Perhaps aside from a few of its Pacific neighbours, not many countries treat Australia as a major power. But that is exactly what New Zealand does. This means that Australia constitutes more than New Zealand’s most important diplomatic relationship, as significant as that may be. It also makes Australia essential to explaining the foreign policy choices New Zealand makes beyond the trans-Tasman relationship and how these choices are depicted and understood.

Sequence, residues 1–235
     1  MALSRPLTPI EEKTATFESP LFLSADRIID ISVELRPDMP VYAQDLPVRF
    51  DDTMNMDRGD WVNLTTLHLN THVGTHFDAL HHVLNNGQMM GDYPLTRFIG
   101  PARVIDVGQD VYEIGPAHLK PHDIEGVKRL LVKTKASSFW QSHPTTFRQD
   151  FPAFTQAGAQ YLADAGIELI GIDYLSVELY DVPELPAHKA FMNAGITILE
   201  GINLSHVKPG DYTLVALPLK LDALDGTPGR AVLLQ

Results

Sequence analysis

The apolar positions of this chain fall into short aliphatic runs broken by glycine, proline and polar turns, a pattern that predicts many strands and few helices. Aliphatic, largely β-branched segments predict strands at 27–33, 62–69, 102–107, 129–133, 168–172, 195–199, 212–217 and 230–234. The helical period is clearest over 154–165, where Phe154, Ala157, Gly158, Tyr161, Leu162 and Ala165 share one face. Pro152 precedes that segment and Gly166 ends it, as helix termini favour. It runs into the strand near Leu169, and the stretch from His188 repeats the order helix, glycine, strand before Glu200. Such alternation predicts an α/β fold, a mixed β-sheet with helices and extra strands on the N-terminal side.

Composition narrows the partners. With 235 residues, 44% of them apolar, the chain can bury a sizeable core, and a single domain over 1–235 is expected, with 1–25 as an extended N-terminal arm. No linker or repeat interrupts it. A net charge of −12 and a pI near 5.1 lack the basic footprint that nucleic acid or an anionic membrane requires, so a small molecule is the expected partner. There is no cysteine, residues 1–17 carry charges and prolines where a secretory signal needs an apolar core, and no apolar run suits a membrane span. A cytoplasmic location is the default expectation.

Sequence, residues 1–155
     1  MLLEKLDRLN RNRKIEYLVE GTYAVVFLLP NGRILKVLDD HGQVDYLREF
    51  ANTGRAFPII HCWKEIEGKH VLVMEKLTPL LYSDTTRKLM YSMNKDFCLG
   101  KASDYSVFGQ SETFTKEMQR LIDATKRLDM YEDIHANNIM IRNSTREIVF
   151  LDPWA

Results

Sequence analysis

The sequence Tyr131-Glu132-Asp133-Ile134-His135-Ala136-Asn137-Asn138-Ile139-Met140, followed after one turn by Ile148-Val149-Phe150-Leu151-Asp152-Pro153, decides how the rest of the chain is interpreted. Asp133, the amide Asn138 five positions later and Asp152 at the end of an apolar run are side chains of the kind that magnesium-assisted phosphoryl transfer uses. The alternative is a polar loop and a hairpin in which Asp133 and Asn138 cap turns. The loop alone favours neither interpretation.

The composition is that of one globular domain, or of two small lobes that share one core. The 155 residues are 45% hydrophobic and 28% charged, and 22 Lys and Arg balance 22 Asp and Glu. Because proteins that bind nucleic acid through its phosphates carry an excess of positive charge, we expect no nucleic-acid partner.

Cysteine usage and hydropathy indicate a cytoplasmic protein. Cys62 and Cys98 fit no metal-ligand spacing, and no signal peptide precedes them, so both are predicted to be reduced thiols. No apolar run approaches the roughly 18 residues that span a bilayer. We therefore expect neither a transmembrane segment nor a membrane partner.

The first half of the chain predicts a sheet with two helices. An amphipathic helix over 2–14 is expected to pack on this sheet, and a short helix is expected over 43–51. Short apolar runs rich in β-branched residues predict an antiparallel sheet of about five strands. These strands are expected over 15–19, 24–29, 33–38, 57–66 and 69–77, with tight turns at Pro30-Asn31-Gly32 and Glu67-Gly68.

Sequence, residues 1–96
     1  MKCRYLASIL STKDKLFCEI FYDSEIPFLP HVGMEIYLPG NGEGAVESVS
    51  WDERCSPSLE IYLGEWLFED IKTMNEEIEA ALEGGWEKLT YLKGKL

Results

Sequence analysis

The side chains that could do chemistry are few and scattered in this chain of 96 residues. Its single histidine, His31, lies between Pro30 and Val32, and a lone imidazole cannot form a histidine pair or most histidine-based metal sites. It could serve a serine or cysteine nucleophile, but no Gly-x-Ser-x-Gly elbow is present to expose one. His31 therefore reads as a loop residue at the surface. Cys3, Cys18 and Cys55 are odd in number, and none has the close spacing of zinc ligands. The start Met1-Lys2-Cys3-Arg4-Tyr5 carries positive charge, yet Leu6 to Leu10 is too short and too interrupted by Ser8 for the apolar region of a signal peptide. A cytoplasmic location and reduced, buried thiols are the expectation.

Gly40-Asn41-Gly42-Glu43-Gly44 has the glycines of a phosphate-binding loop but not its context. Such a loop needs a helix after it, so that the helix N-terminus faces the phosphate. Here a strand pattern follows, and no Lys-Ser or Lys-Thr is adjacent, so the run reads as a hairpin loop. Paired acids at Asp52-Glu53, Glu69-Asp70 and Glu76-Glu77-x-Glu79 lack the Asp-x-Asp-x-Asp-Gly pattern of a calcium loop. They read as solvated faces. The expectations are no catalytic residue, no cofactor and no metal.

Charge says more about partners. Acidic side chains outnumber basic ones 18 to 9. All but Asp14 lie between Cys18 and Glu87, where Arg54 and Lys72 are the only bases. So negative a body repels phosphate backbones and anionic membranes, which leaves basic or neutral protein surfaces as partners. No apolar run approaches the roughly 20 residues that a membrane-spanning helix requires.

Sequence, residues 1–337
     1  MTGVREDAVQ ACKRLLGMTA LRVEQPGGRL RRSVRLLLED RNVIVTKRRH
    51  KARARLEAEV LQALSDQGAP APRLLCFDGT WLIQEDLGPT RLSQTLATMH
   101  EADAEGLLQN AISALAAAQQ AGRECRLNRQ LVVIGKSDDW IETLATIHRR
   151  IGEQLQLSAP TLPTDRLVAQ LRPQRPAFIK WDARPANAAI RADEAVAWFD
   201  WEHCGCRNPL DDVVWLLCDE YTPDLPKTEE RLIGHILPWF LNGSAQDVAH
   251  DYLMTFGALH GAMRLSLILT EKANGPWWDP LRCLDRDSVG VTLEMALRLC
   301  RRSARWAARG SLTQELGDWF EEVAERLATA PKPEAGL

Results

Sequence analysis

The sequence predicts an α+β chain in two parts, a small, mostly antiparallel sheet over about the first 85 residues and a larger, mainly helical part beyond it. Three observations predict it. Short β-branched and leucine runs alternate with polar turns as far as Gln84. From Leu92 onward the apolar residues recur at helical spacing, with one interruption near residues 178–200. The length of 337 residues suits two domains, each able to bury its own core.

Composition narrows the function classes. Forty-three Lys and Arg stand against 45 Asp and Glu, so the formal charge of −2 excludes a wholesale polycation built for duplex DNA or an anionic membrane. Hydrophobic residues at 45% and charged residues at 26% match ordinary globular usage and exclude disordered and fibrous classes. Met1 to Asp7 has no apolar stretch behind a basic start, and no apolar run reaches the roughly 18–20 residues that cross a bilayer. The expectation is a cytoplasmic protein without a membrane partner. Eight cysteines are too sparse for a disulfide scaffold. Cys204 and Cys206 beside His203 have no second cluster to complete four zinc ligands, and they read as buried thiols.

There are three ways of viewing Australia's significance to Wellington. In the first instance, and most obviously, Australia is a partner with cooperative endeavours in all sorts of functional policy areas. But secondly, Australia is also something of a competitor for New Zealand: contrasts with Australia, and how Australia does things, are often used to define New Zealand as a distinct foreign policy actor. And yet thirdly, Australia is also a facilitator for New Zealand foreign policy: Australia helps provide space and opportunities for the choices that Wellington makes. Yet none of this is automatic or inevitable, and in the current circumstances of global and regional flux, nobody should assume Australia’s role can be assumed as a given.